News - Saturn
GM break-up accelerates
Saturn eclipsed: GM's alternative Saturn brand is set for a quick exit.
A speedier exit from Saturn while Opel/Vauxhall attract rival bidders
29 April 2009
US Saturn dealers are under pressure to quickly find a new supplier after General Motors said it would walk away from the brand by the end of this year – two years earlier than previously expected.
The faster exit from the domestic brand was unveiled this week, just as interest in Europe’s prize asset, Opel/Vauxhall, started to intensify.
GM has ramped its plans to ditch Saturn as part of the faster and deeper restructuring ordered by the US federal government as a condition for the advancing of more loan funds to tide GM over.
The revised timeline gives Saturn dealers – who own the Saturn distribution company – precious little time to find another supplier.
Under the initial reorganisation plan tabled in February, former GM chief executive Rick Wagoner said Saturn would be maintained until the natural end of the current range’s model cycle, around 2010-11.
New chief executive Fritz Henderson said this week GM would phase out the Saturn brand by the end of this year.
“As a result, our current viability plan does not comprehend production and sales to dealers of Saturn product beyond 2009,” GM said in its statement to the US government.
GM has, in fact, been discussing the fate of the brand with a private equity investor, Telesto Ventures, and the Saturn dealers, who are keen that another supplier be found to keep the distribution network operating.
Telesto is backed by a US car dealer who owns 17 franchises, including two Saturn outlets. There are other interested parties.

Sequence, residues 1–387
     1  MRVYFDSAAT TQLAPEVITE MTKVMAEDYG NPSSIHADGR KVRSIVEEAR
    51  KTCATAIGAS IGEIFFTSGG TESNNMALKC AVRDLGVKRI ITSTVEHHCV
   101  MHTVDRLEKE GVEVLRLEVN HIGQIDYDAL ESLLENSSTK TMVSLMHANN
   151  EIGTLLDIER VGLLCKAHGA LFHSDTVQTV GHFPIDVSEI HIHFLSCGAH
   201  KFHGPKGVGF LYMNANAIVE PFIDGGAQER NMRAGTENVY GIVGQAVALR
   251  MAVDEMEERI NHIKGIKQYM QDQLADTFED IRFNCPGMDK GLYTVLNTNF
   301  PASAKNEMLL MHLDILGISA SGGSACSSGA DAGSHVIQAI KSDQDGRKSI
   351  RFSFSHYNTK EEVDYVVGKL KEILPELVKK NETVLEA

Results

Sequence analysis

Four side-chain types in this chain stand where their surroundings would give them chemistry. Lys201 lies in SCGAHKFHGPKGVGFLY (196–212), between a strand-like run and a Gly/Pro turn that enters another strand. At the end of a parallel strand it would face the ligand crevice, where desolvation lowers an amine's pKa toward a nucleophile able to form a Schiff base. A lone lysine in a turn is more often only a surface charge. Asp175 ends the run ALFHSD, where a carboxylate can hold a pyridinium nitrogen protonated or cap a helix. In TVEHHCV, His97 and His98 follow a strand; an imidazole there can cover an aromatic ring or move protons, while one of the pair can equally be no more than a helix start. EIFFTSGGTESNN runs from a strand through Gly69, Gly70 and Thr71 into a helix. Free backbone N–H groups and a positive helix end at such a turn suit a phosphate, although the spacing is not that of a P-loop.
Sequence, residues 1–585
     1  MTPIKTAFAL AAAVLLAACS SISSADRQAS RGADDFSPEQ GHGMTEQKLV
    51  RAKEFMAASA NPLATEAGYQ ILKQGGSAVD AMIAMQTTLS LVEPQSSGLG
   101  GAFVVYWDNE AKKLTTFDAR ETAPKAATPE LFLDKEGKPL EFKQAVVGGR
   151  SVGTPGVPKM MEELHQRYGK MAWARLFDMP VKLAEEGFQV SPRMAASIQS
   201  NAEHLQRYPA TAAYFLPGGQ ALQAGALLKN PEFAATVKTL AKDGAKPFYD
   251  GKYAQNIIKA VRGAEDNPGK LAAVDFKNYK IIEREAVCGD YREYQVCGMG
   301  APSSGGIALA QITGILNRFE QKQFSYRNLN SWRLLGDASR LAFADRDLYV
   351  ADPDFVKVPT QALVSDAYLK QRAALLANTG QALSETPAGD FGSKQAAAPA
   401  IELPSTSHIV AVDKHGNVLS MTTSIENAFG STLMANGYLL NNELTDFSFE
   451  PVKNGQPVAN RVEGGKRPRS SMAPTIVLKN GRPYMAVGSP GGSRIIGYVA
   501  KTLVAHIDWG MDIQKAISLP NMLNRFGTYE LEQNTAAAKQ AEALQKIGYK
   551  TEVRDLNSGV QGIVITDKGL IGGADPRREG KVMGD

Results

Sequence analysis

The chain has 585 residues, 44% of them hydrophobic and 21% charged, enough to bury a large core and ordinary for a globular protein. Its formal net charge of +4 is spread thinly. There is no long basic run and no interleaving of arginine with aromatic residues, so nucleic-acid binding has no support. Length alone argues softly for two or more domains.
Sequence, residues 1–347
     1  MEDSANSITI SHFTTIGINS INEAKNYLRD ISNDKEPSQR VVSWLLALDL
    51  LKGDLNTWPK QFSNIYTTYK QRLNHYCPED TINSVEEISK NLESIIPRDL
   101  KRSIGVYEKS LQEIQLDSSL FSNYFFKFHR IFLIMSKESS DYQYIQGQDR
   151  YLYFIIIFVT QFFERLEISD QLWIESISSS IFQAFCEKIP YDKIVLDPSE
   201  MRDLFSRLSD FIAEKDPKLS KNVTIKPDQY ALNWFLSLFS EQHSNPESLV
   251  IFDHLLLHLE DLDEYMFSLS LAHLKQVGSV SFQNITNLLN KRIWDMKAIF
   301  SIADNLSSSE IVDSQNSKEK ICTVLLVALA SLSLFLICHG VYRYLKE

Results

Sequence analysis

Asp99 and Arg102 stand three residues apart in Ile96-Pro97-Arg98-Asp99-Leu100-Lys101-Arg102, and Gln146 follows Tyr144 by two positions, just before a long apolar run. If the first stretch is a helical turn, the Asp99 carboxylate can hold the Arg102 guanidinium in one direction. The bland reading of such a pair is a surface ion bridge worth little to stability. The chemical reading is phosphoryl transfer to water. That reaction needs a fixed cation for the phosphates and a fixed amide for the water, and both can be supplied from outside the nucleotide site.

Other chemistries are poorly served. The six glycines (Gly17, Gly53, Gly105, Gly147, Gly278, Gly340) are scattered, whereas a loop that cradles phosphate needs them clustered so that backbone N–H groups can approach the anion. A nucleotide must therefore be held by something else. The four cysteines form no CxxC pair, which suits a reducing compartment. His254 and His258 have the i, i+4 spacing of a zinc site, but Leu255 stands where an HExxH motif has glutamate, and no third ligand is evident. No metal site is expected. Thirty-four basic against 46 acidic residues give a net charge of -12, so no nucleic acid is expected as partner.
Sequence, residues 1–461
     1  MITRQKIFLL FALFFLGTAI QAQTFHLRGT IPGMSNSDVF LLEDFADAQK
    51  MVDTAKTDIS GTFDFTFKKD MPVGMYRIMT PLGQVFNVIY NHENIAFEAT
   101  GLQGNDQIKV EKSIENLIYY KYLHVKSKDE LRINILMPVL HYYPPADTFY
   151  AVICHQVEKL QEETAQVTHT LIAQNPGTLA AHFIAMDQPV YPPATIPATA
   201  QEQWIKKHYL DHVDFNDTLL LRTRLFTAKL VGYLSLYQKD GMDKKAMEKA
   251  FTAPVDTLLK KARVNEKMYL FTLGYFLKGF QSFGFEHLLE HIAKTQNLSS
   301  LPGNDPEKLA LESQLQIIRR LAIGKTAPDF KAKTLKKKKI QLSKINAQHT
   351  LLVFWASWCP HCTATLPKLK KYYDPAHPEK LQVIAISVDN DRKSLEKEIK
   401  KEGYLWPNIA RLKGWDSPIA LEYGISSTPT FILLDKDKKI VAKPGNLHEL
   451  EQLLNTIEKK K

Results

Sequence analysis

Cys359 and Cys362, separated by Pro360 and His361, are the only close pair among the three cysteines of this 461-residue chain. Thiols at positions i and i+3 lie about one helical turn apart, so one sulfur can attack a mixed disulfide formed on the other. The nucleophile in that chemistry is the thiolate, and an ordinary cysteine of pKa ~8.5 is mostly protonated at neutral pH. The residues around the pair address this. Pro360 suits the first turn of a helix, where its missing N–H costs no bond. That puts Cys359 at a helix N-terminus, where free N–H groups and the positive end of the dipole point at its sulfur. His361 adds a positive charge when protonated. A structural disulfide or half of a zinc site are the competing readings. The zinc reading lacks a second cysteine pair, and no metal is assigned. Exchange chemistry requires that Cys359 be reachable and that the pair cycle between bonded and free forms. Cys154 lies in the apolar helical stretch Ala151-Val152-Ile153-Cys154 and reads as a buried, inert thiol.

Meanwhile, in Europe, the sale of Opel was surrounded in controversy after the company’s union spokesman poured cold water on Fiat’s stated intentions to consider buying into Opel.
Fiat is the second automotive company to express interest in Opel/Vauxhall, after major parts supplier Magna International signalled it was a potential buyer.
There are also other parties in the frame, mostly private equity funds, according to reports from Europe.
GM chief executive Fritz Henderson signalled this week that GM wanted to retain a stake in Opel, perhaps to retain access to its small-car design ability.
In its talks with German government representatives, Fiat has promised to keep open all four of Opel’s assembly plants, but the Opel union leadership is skeptical about the motives of Fiat chief executive Sergio Marchionne.
Opel’s works council chief Klaus Franz last week said the union would protest against a Fiat takeover.
“Fiat has no money,” he said.
He believes Fiat was trying to grab some financial aid from the German government.
“They want a rescue for Fiat, not for Opel,” Mr Franz said.
Fiat has been put on the defensive by the opposition, and has had to make specific promises to back up its approach.
It has made clear that none of Fiat’s debt will come with the company if it takes control of Opel. In addition, it has pointed out that the proposal includes only the Fiat car operations, not its ailing trucks business.
Fiat boss Sergio Marchionne is confident he can weld Fiat, Chrysler and Opel into a global group producing about seven million units a year, although he has stated that Chrysler is his main priority.
The other interested party, Magna, is working on a partnership with a Russian oligarch Oleg Deripaska, and is aiming to secure a 50 per cent stake in Opel.
Reports in the Canadian Globe and Mail suggest Magna would hold a 20 per cent stake and Mr Deripaska a 30 per cent stake.
Magna International, based in Aurora, Canada, owns Magna Steyr, based in Graz, Austria. A spokeswoman for the company in Troy, Michigan, Tracy Fuerst, said it was the company’s policy “not to comment on speculation”.
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